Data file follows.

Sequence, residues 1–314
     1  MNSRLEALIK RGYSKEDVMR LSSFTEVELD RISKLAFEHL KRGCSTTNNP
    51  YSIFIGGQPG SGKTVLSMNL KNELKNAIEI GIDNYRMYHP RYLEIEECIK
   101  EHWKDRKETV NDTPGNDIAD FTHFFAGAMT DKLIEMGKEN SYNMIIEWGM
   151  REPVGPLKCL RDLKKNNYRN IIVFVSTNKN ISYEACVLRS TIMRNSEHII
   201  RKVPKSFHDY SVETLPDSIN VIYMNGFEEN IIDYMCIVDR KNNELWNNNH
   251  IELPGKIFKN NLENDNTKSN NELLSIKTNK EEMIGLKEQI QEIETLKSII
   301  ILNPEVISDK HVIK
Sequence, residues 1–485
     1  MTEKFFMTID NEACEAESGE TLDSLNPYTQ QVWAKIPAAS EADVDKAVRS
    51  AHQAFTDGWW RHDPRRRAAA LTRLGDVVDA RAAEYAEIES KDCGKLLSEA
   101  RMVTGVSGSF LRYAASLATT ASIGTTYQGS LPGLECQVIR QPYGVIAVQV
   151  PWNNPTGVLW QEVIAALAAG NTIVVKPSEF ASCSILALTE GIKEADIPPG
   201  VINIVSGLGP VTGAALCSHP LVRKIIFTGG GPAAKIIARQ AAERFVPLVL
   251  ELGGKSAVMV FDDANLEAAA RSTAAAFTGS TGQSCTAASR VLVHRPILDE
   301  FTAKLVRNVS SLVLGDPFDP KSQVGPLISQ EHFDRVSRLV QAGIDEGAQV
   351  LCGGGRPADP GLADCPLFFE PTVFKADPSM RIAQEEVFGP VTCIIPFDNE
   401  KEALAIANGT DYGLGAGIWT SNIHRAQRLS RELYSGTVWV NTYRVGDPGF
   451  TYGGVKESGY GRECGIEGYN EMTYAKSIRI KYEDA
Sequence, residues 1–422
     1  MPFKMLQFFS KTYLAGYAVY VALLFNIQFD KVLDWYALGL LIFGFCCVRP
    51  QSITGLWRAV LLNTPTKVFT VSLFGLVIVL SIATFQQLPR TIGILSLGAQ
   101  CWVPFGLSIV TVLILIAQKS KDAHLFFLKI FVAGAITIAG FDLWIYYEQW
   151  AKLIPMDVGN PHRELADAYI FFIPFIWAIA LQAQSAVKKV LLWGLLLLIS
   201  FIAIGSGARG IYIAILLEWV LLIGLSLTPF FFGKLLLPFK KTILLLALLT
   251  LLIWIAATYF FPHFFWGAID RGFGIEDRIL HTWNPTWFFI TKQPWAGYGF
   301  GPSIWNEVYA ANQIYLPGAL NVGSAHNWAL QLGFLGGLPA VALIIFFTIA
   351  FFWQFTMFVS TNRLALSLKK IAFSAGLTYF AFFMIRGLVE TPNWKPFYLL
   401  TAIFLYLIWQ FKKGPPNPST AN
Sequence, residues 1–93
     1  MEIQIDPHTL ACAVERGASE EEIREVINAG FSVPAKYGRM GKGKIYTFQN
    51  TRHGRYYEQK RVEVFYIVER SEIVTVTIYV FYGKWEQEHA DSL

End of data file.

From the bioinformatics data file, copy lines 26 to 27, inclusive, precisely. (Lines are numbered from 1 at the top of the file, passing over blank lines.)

   251  LLIWIAATYF FPHFFWGAID RGFGIEDRIL HTWNPTWFFI TKQPWAGYGF
   301  GPSIWNEVYA ANQIYLPGAL NVGSAHNWAL QLGFLGGLPA VALIIFFTIA